Episcleritis

What is Episcleritis?

This medical condition is an inflammation and irritation of the episclera and is benign, or non-cancerous. The episclera is the thin layer of tissue between the sclera, which is the white part of your eye and the conjunctiva, which is the covering of your eye. It can affect both eyes or just one. It is a medical condition that is most often seen in women and usually occurs between the ages of forty and fifty years of age. Episcleritis is very rare in babies and children under the age of five. If they do get this medical condition it is just a mild inflammation that only lasts for seven to ten days and is referred to as simple episcleritis. It does not affect your vision.


There are two varieties of episcleritis which are:

  1. Diffuse episcleritis – this variety is where the episclera is affected diffusely
  2. Nodular episcleritis – this variety is where there are nodules present.

Episcleritis vs Scleritis

When a person has scleritis they have an inflammation of the white portion of your eye called the sclera while episcleritis is an inflammation of the layer of tissue between the white of the eye, called the sclera and the covering of your eye called the conjunctiva. Although there is a difference as to which part of your eye is affected the main difference is the pain felt with both of them. Usually you have more pain with scleritis. Another difference is that if you use phenylephrine will not blanch the vessels in scleritis but will if you have episcleritis. Scleritis is a more serious medical condition and is more prominent in young women. When a person has episcleritis it will usually not develop in scleritis. While episcleritis affects people between the ages of forty and fifty, scleritis affects people between the ages of thirty and sixty. With episcleritis it will usually go away on its own but if you have scleritis and the sclera has perforated you may have to have surgery.

Symptoms of Episcleritis

The symptoms are usually mild with the main symptom being acute redness and eye pain that is mild. Other symptoms may include the following:

  • The normally white part of your eye may also be a purple or pink color instead of being acute redness.
  • Eye tenderness
  • Having a sensitivity to light called photophobia.
  • Watery eyes but there is no discharge.

If a person has diffuse episcleritis the redness could involve all of the episclera but in nodular episcleritis the redness will only affect a well circumscribed area that will be small. Also in nodular episcleritis there may be in the center of the redness a white nodule of tissue. In addition, diffuse episcleritis is not as painful as nodular episcleritis. In some cases there could be small nodules present within the episclera. If there are with gentle pressure they will move slightly over the sclera.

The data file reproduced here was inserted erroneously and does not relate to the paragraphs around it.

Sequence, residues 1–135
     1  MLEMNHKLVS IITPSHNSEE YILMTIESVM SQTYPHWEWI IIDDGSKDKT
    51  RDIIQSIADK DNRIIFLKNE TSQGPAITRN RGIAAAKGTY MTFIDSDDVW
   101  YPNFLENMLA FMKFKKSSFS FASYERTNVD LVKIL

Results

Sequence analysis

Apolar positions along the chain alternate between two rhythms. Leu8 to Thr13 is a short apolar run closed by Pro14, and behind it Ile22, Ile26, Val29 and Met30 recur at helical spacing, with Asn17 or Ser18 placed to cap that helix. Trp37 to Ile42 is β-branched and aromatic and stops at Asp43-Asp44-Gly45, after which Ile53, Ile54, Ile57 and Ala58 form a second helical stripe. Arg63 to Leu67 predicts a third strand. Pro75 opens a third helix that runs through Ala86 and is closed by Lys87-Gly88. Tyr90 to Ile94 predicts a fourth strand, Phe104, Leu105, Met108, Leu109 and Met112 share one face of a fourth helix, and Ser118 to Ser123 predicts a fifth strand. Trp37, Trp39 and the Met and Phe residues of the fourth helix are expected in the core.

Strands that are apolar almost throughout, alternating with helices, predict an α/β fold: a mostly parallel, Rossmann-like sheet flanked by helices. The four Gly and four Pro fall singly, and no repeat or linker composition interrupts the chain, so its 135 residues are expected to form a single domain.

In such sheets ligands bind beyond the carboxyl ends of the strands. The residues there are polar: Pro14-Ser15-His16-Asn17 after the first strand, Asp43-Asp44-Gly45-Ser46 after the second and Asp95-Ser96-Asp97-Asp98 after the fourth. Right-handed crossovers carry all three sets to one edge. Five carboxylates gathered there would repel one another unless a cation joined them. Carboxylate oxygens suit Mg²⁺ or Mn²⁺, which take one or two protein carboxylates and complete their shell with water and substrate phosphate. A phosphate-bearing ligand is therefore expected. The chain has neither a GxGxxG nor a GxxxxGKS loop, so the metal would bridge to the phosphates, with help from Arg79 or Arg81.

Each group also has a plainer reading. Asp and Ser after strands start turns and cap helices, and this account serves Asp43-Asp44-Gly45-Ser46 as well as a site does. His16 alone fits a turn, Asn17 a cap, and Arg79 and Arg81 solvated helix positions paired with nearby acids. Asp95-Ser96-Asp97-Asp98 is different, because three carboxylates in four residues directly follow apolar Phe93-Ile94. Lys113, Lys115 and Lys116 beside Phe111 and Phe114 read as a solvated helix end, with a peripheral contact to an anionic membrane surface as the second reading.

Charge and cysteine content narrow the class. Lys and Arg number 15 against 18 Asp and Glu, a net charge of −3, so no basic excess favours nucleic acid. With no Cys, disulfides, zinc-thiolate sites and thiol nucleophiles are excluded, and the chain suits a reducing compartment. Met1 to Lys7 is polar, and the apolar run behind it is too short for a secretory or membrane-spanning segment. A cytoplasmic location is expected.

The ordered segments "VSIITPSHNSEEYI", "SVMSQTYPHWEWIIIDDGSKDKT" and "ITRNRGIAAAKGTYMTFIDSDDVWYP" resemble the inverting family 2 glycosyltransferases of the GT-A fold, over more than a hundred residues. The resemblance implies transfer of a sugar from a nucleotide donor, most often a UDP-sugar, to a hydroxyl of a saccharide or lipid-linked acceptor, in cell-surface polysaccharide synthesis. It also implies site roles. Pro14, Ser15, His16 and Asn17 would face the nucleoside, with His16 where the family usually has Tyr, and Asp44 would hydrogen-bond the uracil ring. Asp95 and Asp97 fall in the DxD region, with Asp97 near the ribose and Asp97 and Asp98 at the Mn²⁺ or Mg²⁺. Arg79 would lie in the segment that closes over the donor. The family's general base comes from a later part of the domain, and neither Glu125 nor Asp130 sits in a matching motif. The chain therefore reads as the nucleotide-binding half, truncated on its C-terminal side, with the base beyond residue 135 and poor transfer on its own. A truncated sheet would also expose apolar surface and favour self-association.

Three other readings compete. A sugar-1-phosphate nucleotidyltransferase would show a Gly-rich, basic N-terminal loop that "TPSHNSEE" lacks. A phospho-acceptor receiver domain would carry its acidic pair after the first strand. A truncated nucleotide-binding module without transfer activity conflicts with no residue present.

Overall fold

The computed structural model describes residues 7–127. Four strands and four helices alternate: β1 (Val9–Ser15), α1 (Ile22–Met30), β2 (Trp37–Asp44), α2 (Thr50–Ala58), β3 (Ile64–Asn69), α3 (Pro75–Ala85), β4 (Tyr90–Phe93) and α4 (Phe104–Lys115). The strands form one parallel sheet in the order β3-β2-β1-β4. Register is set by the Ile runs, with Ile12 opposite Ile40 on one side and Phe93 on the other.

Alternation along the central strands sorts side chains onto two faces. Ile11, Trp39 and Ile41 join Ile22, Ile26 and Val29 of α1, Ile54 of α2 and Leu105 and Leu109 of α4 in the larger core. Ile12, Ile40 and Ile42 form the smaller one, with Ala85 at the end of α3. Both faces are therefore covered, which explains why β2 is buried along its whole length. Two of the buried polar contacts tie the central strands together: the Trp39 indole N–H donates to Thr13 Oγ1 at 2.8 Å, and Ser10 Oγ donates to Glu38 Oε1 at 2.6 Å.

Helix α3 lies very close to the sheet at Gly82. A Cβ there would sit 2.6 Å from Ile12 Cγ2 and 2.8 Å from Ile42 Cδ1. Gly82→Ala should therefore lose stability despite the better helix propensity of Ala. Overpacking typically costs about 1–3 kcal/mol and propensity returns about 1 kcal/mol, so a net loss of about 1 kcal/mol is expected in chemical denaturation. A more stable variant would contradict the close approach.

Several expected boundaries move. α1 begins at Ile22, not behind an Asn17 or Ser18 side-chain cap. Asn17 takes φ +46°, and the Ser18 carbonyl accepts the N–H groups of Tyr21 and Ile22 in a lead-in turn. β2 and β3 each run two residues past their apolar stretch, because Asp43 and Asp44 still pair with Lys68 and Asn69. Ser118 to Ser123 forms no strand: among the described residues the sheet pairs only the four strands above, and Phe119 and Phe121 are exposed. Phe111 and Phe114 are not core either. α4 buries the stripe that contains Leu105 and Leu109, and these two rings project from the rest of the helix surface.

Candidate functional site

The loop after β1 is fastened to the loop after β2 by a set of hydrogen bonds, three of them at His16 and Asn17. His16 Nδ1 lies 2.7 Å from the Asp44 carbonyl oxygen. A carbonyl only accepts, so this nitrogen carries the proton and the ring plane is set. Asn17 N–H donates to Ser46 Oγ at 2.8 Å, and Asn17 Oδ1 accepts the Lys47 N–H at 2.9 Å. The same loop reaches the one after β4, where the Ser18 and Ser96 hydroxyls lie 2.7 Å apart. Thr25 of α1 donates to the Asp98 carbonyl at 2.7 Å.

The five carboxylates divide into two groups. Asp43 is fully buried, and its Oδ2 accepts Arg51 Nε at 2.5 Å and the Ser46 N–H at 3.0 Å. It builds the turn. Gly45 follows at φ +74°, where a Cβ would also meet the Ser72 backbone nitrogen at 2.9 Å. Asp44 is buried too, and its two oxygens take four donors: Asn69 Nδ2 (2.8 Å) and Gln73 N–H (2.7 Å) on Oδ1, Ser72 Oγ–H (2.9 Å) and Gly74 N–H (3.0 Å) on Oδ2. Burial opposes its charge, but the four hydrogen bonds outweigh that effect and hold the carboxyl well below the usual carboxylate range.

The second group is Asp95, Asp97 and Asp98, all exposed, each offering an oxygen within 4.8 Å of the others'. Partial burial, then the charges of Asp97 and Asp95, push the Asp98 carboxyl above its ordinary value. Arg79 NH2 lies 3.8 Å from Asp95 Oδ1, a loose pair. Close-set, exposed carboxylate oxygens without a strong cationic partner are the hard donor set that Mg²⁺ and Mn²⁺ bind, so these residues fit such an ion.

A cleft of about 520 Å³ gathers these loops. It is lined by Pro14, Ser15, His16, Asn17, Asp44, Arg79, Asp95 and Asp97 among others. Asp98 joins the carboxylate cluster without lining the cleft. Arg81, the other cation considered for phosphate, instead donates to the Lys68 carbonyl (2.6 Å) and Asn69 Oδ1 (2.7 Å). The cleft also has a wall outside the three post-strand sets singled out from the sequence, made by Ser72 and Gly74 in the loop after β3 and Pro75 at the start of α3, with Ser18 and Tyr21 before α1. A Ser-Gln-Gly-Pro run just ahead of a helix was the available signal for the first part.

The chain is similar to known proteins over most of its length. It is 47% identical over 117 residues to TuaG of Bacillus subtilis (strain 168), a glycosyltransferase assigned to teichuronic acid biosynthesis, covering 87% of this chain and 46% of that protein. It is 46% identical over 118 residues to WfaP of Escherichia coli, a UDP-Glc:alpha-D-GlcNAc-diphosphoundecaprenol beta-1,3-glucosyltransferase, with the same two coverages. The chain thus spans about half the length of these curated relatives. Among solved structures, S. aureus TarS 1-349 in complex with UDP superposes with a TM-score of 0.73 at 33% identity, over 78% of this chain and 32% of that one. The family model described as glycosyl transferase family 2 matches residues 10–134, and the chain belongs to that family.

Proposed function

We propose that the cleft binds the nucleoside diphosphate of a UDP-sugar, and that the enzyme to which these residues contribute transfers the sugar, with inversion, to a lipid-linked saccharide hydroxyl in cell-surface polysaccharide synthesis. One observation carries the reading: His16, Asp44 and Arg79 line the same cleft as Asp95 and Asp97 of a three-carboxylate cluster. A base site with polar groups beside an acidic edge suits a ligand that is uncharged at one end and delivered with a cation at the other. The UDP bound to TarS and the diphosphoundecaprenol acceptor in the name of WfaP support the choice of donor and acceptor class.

Episcleritis Causes

The exact cause of episcleritis is not known making it an idiopathic medical condition but there are several medical conditions that are thought to be the cause, especially inflammatory conditions such as:

  • Arthritis, especially rheumatoid arthritis.
  • Lupus
  • Irritable bowel disease such as colitis.
  • Irritable bowel syndrome

Other underlying conditions that are thought to be may be the cause includes:

  • Rosacea
  • Gout
  • Stress
  • Menstruation
  • Autoimmune disorders and diseases such as sjogren syndrome.
  • Allergies
  • Hay fever
  • Addison’s disease
  • Chlamydia
  • Lyme disease
  • Tuberculosis
  • Herpes simplex infection or herpes zoster.

It is not known what the cause is when babies and children under five years of age have episcleritis but in older children it is often associated with rheumatologic diseases. If a woman has episcleritis during her pregnancy or during the lat phase of her menstruation cycle it is thought that there is a connection between the episodes of inflammation and hormonal changes. The reason is that a woman may notice flare-ups of this medical condition during these times. In approximately one third of all cases of episcleritis what causes it is known. Fifty-nine percent of people with relapsing polychondritis, which is the deterioration and inflammation of cartilage, have either scleritis or episcleritis. It is very rare for scleritis to cause episcleritis. In many cases of nodular episcleritis there may be an associated systemic disease, which is a disease that affects your whole body, or just your tissues and organs.

Diagnosis

Having an eye exam can usually be done to diagnosis episcleritis. A patient history will also be taken to see if there are any diseases or medical conditions present that could possible cause episcleritis. In order to tell if you have episcleritis or scleritis the eye doctor can use either neosynephrine or phenylephrine eye drops to see if the blood vessels blanche.

Treatment

Normally episcleritis is a mild inflammation and will go away on its on within seven to fourteen days without treatment. Nodular episcleritis will take longer to clear up as it is more aggressive. If there is any pain or discomfort you can use an over-the-counter saline solution called artificial tears. You can even use a cold compress to help with the discomfort. If the saline solution is chilled it can soothe the area that is inflamed. In a severe case of episcleritis, such as nodular episcleritis, the eye doctor may prescribe an anti-inflammatory and/or mild steroid eye drop. These medications can help make the symptoms go away quicker but there are side-effects that could be worse than the actual medical condition.

Episcleritis Pictures

Collection of pictures of Episcleritis…

episcleritis pictures

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